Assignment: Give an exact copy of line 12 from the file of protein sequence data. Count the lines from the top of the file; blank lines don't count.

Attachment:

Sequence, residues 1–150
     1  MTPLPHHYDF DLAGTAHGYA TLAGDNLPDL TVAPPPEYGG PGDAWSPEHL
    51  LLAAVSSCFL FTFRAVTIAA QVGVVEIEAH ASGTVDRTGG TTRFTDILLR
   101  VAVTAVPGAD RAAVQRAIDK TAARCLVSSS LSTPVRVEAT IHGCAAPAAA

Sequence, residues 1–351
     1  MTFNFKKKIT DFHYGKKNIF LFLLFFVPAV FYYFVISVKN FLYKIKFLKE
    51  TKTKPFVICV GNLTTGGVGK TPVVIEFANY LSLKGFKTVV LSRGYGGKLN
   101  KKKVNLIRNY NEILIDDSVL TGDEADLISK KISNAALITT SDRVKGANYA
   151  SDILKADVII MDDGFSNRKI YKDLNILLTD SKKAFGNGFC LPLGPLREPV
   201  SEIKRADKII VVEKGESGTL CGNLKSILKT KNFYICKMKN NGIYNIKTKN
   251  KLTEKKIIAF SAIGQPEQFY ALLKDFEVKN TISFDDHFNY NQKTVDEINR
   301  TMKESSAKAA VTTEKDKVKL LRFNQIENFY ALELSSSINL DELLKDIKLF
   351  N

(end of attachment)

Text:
   301  TMKESSAKAA VTTEKDKVKL LRFNQIENFY ALELSSSINL DELLKDIKLF